Auschwitz was also known as Monowitz-Buna, Buna and Auschwitz III. The memorial consists of five emaciated figures in bronze bearing witness to the suffering and exhaustion of the deportees. A body carried in a wheelbarrow reminds us of the frightening mortality of this camp.
BIRKENAU This memorial is in the form of a column with the featureless silhouette of a human figure standing over an engraved plaque. Written in script are lines from the poet Paul Eluard: When we will no longer kill, they will be avenged … The only vow of justice has life as its echo.
BERGEN-BELSEN in northern Germany was an “exchange camp” where Jewish hostages were held with the intention of exchanging them for German prisoners of war held overseas.
The memorial represents the railway tracks leading to the gates of the camp. Between the ‘railway tracks’ are footprints in various sizes representing all age groups arriving at the camp. It was in this camp that the young Anne Franck died along with her sister.
1943 They suffered and hoped. You fight for your freedom. 1945 We broke their bodies never their minds.
BUCHENWALD near Weimar, Germany, was one of the first and the largest of the concentration camps within Germany’s 1937 borders. Many actual or suspected communists were among the first internees. All prisoners worked primarily as forced labor in local armaments factories.
The memorial expresses the horror and violence in the concentration camp system. Three emaciated prisoners define suffering, death, solidarity and resistance.
DACHAU, north of Munich in southern Germany, was a forced labor camp which imprisoned Jews, German and Austrian criminals, and eventually foreign nationals from countries that Germany occupied or invaded.
The two pillars forming a gateway are symbolic of the gates of Heaven. The red granite triangle represents the patch worn on political prisoners’ clothes.
A plaque to the left of the stairs is inscribed with a quotation by Edmond Michelet. We have surveyed abysses in ourselves and in others.
DRANCY was an internment camp run by the French located in a northeastern suburb of Paris. It was an assembly and detention camp for confining Jews who were later deported to the extermination camps.
The Memorial reads in translation Inscription engraved at Ninth Fort of Kaunas deported by Convoy 73. In memory of 878 Jews deported from Drancy May 15, 1944 to Kaunas (Lithuania) and Reval-Tallinn (Estonia). 22 returned in 1945.
FLOSSENBURG A map identifies the location of the camp which unlike other concentration camps was located in a remote area in the mountains of Bavaria. Quarries, arms and aviation factories surrounded it. Although the camp’s initial purpose was to exploit the forced labor of prisoners for the production of granite for Nazi architecture they eventually produced armaments for the war effort.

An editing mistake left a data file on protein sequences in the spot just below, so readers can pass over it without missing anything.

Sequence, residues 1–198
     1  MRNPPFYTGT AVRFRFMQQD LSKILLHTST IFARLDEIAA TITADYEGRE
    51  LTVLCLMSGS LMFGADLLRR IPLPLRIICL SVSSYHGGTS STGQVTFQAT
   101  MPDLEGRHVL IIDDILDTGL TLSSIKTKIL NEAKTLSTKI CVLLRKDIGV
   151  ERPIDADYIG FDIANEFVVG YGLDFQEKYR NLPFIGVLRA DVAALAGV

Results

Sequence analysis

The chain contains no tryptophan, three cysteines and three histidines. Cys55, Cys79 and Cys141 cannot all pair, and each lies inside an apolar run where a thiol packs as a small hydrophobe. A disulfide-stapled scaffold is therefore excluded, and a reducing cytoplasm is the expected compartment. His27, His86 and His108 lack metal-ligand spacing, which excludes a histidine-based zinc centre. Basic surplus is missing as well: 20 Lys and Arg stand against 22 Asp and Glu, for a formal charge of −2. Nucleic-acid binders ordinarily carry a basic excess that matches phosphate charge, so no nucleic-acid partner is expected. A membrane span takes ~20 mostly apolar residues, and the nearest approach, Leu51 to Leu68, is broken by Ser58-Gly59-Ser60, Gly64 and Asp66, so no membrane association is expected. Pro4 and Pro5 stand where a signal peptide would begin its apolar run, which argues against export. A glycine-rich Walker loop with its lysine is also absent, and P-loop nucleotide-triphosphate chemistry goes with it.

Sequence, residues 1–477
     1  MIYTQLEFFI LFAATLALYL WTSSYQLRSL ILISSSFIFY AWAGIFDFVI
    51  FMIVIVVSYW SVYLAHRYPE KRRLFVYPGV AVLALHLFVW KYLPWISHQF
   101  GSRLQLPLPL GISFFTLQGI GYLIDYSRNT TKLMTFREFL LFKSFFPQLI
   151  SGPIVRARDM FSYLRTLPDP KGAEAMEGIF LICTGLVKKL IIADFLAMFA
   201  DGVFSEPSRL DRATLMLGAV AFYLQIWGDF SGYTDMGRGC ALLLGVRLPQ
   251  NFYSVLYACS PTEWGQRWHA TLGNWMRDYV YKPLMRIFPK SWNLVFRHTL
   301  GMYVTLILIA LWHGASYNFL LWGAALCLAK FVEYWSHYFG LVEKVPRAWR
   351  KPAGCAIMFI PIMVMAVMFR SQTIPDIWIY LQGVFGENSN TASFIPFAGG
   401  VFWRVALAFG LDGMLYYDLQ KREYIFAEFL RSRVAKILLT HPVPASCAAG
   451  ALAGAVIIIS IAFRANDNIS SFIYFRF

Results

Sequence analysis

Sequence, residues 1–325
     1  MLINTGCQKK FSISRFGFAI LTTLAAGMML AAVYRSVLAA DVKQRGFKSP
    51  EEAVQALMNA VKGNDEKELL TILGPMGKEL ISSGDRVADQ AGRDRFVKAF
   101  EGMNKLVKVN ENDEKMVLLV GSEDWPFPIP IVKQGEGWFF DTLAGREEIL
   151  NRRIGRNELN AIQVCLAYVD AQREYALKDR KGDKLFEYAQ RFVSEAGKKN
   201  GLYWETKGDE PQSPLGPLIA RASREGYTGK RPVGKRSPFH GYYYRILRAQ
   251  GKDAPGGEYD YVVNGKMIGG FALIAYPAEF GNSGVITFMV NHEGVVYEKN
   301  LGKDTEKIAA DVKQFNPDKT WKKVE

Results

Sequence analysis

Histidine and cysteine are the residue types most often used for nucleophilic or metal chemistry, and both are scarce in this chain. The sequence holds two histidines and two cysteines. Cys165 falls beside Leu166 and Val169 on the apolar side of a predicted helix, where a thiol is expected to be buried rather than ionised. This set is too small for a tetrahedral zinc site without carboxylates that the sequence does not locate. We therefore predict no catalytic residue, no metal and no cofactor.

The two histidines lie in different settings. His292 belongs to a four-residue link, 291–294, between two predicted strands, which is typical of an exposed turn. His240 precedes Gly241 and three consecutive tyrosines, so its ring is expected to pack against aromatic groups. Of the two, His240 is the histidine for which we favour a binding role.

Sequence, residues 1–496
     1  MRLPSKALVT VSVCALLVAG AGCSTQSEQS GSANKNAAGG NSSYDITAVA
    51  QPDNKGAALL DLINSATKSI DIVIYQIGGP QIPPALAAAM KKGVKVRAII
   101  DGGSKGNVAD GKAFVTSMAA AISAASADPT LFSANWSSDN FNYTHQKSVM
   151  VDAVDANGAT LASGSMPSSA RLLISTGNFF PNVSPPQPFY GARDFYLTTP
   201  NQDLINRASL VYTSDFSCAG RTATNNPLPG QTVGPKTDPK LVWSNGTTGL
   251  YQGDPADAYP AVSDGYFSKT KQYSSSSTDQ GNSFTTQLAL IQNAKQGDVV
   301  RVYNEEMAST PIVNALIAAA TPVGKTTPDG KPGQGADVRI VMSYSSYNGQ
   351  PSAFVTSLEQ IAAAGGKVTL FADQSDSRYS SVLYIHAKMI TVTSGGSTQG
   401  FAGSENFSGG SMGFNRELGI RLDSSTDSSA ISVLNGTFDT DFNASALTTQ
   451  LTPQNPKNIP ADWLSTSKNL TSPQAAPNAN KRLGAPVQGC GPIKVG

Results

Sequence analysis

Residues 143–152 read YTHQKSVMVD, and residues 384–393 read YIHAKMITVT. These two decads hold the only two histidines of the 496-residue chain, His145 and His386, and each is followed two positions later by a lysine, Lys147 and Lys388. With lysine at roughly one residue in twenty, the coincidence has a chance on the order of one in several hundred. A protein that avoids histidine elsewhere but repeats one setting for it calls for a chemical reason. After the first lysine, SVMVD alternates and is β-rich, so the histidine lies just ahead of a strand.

The imprint of a staircase of ten steep steps are visible at the base of the monument in addition to four blocks of cut stone.
MAUTHAUSEN This concentration camp was located on a hill above the market town of Mauthausen in Upper Austria. It was one of the first massive concentration camp complexes in Nazi Germany, and the last to be liberated by the Allies.
Seven blocks of were used to reproduce the monument. Stairs carved into the granite from the quarry of Mauthausen represent 186 uneven steps known as the staircase of death that prisoners had to mount with stones weighing more than 20 kilos on their backs. A bronze statue depicts an emaciated prisoner collapsing under the weight of his load.
NATZWEILER-STRUTHOF located in the Vosges Mountains in France was the only concentration camp established by the Nazis on French territory. Prisoners were mainly from the resistance movements in German-occupied territories. This labor and transit camp eventually became a place of execution.
This memorial is the form of a triangle. The red triangle identified political prisoners and the letter F was an indication to the Germans that the prisoner could speak French and could be called upon to translate. The bronze sculpture of an emaciated figure lies beneath a stone wall with the letters NN, acronym for Nacht und Nabel (a Nazi directive targeting political activists).
NEUENGAMME This camp was located near Hamburg in Northern Germany close to railway and metallurgy factories. With over 85 satellite camps the Neuengamme camp became the largest concentration camp in Northwest Germany. The memorial is created in white granite and the plaque reads in translation “under this stone is a bit of ash from the seven thousand French martyrs murdered by the Nazis at the Neuengamme Concentration Camp – they died for us to live free – their families and comrades, survivors have erected this monument to their memory November 13, 1949“